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The Tollis Sweet Red pepper seeds really liked the wet paper towel method.

We haven’t gotten to do a lot in the Vege Garden yet, other than harvesting to slowly clear the way, but some seeds have been sown in-ground: ‘Scarlet Nantes’ carrots, purple ‘Pusa Asita’ carrots, beet ‘Cardinal’ and spinach ‘Santana’. We have yet to sow Parsnip ‘Guernsey’ and beetroot ‘Cylindra’,  and then the beans once it’s warmer: ‘Yard Long Red Noodle’, bush beans ‘Kidney’, ‘Borlotto Fire Tongue’ and ‘Cannelloni’, and ‘Blue Shackamaxon’, which is a new heritage one I’m trying that you can use fresh or as a dried bean similar to a black bean.

The Little Fulla’s Garden will get a tomato plant in the middle with radish ‘Halloween Mix’ and parsnips sown around the outside. At least, that was his last plan, before he swamped his winter crops with masses of pretty pansies. But the pansies in both our gardens are bringing us joy. And that’s important.

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Simba sits up high to surveil the Vege Garden.

7 thoughts on “The Swathe of Spring Seeds & Seedlings

  1. “if they don’t cooperate easily, I’m not sure I want to grow them anyway” I’m also of that way of thinking!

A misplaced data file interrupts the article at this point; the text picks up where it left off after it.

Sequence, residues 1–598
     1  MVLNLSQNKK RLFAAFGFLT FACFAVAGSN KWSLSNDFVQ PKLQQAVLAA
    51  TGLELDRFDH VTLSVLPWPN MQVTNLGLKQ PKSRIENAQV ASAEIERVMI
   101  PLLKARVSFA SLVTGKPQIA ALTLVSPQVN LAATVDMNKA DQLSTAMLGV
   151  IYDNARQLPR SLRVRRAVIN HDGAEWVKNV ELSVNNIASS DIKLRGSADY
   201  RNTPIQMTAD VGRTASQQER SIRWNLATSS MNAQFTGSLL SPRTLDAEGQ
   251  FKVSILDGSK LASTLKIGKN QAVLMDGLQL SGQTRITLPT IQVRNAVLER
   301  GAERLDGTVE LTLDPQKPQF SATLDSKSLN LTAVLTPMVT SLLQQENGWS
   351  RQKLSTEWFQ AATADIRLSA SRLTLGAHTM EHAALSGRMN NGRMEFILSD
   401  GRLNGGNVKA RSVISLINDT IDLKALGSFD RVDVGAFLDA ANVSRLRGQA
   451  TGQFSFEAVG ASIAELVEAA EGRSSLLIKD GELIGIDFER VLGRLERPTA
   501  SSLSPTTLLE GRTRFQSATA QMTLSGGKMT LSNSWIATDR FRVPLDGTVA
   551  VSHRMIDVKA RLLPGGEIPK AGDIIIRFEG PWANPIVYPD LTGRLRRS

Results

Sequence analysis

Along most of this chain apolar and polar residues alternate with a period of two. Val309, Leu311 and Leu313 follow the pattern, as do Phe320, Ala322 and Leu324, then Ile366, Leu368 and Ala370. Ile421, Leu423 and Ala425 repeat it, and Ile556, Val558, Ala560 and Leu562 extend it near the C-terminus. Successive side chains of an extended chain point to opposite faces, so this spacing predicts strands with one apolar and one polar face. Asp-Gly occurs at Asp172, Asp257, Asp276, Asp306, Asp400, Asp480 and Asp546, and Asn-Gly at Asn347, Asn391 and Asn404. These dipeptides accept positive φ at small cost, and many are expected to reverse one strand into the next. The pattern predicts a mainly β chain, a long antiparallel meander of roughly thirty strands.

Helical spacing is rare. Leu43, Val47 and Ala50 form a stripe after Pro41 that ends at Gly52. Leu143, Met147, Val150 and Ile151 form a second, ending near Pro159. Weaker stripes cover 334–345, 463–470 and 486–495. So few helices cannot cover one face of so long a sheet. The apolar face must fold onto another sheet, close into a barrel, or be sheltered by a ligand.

I do like your paper towel method of germination – the plastic bag will keep the moisture in nicely. I may try that with my curcubits next year. I’m a terrible one for poking in the compost to see if the seeds have germinated, so this may save me doing that!

    Liked by 1 person

    1. Hehe yes, there’s only so much we have time for, so vegetable cooperation is most helpful.
      I do highly recommend the paper towel method for cucurbits. It seems like extra work but it doesn’t take long, they germinate so fast and you can see exactly which ones have germinated. Plus you don’t waste growing media on dud ones.

      Liked by 1 person

      1. I just wrote about why I do not recommend soaking seed before direct sowing. Even for growing in cells, I would prefer to just plant two seed in each cell, and then pluck out the smaller, and perhaps plug the smaller where neither come up. In our climate, most seeds are sown directly.

        Liked by 1 person